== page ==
Lewis Henry Morgan has long been regarded as one of U.S. anthropology's founders. Much of the recent scholarship on Morgan explores his depiction of indigenous culture and his theory of progress. Focusing on his early thought, this article demonstrates how in the 1840s he moved from a moralistic to an increasingly ethnological understanding of advancement, and how his evolving view of Native peoples and the human passions underpinned this change. As a temperance reformer in the early 1840s, Morgan equated progress with economic growth, territorial expansion, and the spread of democracy. Additionally, he feared that the immoral passions of drinkers, radicals, and Native peoples threatened these gains. By 1843 he began attributing to European colonists the destructive passions he had formerly assigned to indigenous peoples, and came to view progress as a destructive force detached from human agency and morality. His 1851 League of the Iroquois links the passions to progress, but he saw these drives primarily as social phenomena, some of which stymie advancement while others enhance it. This study thus links Morgan's early temperance work to the ideas expressed in League of the Iroquois and in his 1871 Ancient Society, illuminating the symbols that Victorian Americans employed to represent progress.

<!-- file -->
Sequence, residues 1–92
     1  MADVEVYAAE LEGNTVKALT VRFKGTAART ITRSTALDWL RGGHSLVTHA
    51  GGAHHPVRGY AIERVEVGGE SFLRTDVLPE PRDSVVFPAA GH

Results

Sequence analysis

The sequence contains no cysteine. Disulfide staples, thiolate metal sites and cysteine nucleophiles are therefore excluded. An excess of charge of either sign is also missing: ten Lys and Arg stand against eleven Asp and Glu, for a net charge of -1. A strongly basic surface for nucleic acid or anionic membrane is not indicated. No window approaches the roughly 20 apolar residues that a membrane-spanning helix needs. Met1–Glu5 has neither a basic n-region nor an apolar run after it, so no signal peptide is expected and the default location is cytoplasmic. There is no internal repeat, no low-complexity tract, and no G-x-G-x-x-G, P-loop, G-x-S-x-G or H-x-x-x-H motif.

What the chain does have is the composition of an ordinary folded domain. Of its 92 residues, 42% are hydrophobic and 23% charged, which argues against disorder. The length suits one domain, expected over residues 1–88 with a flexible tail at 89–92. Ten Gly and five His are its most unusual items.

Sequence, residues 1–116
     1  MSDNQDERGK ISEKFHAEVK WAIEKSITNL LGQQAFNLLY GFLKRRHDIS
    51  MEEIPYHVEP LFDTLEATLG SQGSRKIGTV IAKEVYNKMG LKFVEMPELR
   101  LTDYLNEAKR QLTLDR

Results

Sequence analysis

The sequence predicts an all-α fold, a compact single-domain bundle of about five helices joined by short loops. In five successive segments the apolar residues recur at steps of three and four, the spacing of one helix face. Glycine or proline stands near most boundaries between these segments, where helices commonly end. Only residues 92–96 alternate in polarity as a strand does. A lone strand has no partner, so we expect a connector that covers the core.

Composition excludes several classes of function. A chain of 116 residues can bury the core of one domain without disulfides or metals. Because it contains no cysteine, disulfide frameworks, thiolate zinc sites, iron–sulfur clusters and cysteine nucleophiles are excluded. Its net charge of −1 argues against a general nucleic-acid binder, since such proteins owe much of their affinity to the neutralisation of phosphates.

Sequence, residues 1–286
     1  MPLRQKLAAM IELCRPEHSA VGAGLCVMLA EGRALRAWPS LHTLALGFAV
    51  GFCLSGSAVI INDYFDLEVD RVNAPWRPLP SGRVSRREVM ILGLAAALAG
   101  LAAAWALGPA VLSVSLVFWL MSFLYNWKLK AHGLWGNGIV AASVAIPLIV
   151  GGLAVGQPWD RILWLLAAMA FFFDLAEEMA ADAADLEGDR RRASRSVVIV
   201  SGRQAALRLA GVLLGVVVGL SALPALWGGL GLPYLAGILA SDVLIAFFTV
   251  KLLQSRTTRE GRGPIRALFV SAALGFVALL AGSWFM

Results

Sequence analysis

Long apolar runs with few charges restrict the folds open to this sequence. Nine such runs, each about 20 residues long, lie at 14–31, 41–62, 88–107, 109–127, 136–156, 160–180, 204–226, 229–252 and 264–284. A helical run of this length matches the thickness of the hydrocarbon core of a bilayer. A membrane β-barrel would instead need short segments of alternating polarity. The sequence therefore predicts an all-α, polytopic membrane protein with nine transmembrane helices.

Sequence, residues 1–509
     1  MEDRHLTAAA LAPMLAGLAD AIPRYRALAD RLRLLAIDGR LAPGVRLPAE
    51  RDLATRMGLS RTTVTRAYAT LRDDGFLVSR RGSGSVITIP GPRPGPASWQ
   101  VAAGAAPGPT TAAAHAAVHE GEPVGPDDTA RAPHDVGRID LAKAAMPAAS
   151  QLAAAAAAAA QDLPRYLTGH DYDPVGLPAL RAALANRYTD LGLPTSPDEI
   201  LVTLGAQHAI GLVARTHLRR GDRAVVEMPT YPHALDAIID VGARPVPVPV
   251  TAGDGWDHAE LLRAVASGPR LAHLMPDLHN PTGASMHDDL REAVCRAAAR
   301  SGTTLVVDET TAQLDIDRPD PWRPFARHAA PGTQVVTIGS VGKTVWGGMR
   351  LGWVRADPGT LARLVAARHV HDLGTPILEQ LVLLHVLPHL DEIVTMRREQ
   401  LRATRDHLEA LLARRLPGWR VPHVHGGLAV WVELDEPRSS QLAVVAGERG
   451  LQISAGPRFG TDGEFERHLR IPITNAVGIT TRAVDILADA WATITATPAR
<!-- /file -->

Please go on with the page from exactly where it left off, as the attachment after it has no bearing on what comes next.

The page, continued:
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pp. 229-258
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